Russia is looking to protect its own interests and those of its trade partners from unilateral American sanctions by continuing to reduce its dependence on trade instruments associated with the United States, Russian Foreign Minister Sergei Lavrov has said.
“Against the background of the increasingly aggressive use of financial sanctions by the US administration, Russia continues its policy aimed at gradual de-dollarisation of the economy,” the Russian foreign minister said, speaking to the Times of India in an interview published Wednesday.
“Together with our main partners, including India, we work on developing economic and legal mechanisms to reduce the negative impact of restrictions on bilateral trade and investment ties,” he added.
Russia’s top diplomat noted that increasing trade in national currencies was one of Russia’s priorities in this regard, with Moscow signing fresh agreements on currency-currency trade with China and Turkey last year, and reaching agreement within the BRICS group of nations on the opening of accounts for such transactions.
“We consider that de-pegging from the dollar in mutual settlements is an objective response to the unpredictability of US economic policy and the outright abuse by Washington of the dollar’s status as a world reserve currency,” Lavrov observed.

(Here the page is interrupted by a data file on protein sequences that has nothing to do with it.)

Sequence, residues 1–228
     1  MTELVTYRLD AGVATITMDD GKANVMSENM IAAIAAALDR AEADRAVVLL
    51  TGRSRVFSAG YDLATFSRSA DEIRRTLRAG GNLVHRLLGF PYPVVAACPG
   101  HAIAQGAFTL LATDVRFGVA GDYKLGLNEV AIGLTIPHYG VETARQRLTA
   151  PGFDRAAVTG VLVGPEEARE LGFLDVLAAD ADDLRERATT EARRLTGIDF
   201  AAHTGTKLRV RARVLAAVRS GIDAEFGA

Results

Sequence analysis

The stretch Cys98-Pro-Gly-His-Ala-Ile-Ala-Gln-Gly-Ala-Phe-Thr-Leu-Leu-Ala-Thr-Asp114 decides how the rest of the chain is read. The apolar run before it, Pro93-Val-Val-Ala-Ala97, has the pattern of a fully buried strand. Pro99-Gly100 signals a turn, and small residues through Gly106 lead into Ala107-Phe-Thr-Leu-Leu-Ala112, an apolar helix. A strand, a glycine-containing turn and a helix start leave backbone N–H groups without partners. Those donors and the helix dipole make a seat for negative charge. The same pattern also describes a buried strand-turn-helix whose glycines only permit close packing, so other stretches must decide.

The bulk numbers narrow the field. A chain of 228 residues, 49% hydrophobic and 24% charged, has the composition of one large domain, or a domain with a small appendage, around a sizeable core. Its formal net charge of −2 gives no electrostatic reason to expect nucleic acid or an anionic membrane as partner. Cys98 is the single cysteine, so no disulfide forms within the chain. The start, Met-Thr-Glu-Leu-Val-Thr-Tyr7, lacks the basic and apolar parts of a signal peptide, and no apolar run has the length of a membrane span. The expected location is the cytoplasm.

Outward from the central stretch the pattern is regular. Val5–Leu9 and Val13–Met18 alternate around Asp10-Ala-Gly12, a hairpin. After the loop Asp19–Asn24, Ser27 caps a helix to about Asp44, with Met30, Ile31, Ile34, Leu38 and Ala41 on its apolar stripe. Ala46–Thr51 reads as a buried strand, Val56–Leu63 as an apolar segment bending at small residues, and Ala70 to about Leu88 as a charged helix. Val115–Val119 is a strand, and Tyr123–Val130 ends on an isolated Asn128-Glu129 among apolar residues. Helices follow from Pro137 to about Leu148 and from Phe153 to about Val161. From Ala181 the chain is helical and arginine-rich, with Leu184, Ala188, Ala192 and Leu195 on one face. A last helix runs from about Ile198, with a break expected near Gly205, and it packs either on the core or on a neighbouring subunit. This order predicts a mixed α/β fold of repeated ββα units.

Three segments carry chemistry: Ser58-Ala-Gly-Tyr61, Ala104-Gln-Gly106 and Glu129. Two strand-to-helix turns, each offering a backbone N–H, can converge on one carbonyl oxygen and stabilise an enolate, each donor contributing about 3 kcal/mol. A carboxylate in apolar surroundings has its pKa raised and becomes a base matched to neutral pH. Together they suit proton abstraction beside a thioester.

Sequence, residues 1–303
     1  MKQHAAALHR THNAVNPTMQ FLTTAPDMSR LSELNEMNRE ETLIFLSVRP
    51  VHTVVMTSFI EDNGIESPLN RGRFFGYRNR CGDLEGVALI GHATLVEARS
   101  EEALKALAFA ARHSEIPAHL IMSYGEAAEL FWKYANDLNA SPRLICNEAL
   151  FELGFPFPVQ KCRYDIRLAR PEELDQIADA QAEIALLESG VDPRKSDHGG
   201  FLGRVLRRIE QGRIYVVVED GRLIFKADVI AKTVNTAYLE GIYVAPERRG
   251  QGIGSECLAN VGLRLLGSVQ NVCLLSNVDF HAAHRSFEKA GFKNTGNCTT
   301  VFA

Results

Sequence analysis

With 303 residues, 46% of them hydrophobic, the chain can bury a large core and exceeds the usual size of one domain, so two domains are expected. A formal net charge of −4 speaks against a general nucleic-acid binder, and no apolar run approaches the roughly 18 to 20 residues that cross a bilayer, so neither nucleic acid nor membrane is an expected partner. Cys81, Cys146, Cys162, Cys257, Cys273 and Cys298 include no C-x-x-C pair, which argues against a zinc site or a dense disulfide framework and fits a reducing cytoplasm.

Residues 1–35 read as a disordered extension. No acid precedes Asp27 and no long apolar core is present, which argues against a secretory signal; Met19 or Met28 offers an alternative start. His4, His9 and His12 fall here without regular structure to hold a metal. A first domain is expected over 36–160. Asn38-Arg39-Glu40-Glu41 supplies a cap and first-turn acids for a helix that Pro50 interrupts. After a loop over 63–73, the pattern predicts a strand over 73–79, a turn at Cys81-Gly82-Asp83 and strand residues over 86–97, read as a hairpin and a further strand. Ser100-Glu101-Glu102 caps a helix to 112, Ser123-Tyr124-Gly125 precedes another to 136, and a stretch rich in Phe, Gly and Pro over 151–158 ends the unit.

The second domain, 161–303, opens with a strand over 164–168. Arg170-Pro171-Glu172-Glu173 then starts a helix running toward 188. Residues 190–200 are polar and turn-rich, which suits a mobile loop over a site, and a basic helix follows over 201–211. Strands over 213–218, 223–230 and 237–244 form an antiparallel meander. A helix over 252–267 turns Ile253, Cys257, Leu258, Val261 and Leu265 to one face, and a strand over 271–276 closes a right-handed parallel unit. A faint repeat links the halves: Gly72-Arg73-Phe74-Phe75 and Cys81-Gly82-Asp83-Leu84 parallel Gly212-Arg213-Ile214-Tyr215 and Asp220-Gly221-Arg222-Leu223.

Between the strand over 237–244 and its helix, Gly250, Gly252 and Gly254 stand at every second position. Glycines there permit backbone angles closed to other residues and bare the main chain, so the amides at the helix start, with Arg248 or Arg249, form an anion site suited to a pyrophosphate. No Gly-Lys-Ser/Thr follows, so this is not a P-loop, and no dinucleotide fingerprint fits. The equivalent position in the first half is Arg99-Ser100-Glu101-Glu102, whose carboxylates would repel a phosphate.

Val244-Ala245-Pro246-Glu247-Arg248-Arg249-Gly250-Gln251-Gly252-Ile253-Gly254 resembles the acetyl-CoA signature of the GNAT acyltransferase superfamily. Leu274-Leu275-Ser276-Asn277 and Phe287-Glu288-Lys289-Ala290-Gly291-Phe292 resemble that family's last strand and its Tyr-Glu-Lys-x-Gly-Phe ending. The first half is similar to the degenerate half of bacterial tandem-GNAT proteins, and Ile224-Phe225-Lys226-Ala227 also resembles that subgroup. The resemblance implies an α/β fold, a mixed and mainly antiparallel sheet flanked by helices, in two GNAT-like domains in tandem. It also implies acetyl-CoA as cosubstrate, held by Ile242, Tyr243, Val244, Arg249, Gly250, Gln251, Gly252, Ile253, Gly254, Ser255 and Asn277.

The Russian foreign minister arrived in India on Tuesday for a two-day visit, meeting with Indian officials and taking part in the Raisina Dialogue 2020 summit. In his interview with ToI, Lavrov emphasised that relations with New Delhi were among Russia’s “absolute foreign policy priorities”, and recalled that the two countries were working “vigorously” to prepare a new intergovernmental agreement on investment protections, and an agreement on a free trade zone between India and the Eurasian Economic Union.
Russia’s De-Dollarisation Effort
Once one of the largest investors in US debt, Moscow has dropped the vast majority of its Treasuries holdings in recent years while urging other countries to reconsider the global role of the US currency amid Washington’s sanctions-happy approach to global politics. At the same time, the Russian Central Bank has recently halved the dollar’s share in its $500 billion international reserves cushion, replacing the currency with gold, yuan, euros, and other currencies.
The United States has substantially increased the use of sanctions in its foreign policy in recent months, including, most recently, by placing restrictions on companies working on the joint Russian-Western European Nord Stream 2 gas pipeline project. In addition, Washington has sanctioned or threatened to sanction multiple countries buying weapons from Russia, targeting China and Turkey and threatening India and Egypt. Several major buyers have already come up with workarounds. This includes the 2018 $5.4 billion contract for the procurement of S-400 air defence systems, which was settled in rubles. In July 2019, it was reported that Moscow and New Delhi had devised a new ruble-rupee payment mechanism for future transactions to allow them to skirt the 2017 Countering America’s Adversaries Through Sanctions Act.